tergite


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ter·gite

 (tûr′gīt′, -jīt′)
n.
A sclerite forming part of the tergum.

tergite

(ˈtɜːdʒaɪt)
n
(Zoology) zoology a back-plate of an arthropod or other similar animal
References in periodicals archive ?
edule in Costa Rica had between 7 to 15 circular pores within each spiracular area of abdominal tergite II (Fig.
Last abdominal tergite apically with a shallow dorsomedian depression furnished with some long hairs; hind margin medially slightly to clearly emarginate, variably delimited by two weakly rounded (arrowed in Fig.
Abdomen: abdomen oval shape, black and yellow markings; male square commas on tergite 3and 4; 50% lateral margin of tergites 3and 4 yellow; female has narrower commas on tergites 3and 4, posterior margin tergites 2, 3and 4 gray-shining bands; oval black patch on centre of sternites, black stripes extended entire width
1, head; 2, wing; 3, genitalia, in dorsal view; 4, genitalia, in ventral view; 5, detail of distal projection of tergite 9; 6, detail of the protuberance on proximal inner margin of gonocoxite; 7, aedeagus; 8, scheme of parameres; 9, female abdomen showing spermathecae, 10, detail of sternite (st) 8.
15 as long as tergite, between foveae with a longitudinal carina not longer than foveae, otherwise smooth.
Body: General color and external characters as in male, with body and wings slightly larger, antenna slightly shorter, fourth abdominal tergite dark brown with irregular spots, sometimes orange-yellow on basal half and brown on apical half, fourth abdominal sternite dark brown, sometimes uniformly black.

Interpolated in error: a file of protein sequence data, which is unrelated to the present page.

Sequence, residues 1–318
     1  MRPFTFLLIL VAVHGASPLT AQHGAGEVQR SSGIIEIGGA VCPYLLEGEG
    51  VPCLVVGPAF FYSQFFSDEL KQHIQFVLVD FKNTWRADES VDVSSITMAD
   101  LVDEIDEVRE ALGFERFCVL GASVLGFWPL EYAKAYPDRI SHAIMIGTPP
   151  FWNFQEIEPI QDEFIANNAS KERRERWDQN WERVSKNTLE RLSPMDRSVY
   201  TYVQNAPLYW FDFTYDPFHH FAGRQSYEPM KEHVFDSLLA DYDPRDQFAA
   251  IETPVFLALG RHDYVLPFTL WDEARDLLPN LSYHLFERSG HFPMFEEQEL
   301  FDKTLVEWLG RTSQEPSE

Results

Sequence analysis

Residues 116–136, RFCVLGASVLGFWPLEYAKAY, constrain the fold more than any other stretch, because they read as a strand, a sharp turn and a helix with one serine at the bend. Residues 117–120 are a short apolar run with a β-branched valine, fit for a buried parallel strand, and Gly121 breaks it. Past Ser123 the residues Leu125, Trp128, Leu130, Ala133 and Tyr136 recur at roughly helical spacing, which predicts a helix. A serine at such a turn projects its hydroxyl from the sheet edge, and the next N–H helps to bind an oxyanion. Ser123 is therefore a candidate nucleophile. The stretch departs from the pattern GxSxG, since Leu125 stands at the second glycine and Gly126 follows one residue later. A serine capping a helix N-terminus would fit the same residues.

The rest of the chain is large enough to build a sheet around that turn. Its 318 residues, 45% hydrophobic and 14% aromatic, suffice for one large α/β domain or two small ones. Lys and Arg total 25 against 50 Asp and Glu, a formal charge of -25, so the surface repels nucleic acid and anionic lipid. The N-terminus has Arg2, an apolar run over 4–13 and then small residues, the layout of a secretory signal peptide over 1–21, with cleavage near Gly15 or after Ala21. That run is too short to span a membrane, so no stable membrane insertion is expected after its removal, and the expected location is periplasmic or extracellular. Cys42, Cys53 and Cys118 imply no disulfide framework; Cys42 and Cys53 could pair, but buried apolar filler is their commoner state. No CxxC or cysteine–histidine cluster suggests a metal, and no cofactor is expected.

Shelley & Kiser (2000) gave the following diagnostic characters for this species: cephalic plate with complete longitudinal sutures; forcipular co-xosternite with transverse sulcus; first 7-10 antennomeres sparsely hirsute; first tergite with anterior transverse sulcus; tergal marginations beginning on tergites 4-5; and femora of most legs with one or more dorsoapical spurs.
Features suggestive of Parahughmilleria include the lanceolate shape of the preabdomen, the presumed overall size of the animal, the presence of a large epimera on tergite 7, and the ornamentation.
The Banchinae is a cosmopolitan group of Ichneumonidae characterized by having a long, apically notched ovipositor, a propodeum without or with only a few carinae, a tergite I with spiracles located around or before the centre (except in the genus Lissocaulus) and frequently, the anterior part of the submetapleural carina expanded into a broad lobe (Gauld et al.
In both cases, the cephalothorax of a female strepsipteran was exposed from under the left side of the bee's fourth metasomal tergite (Fig.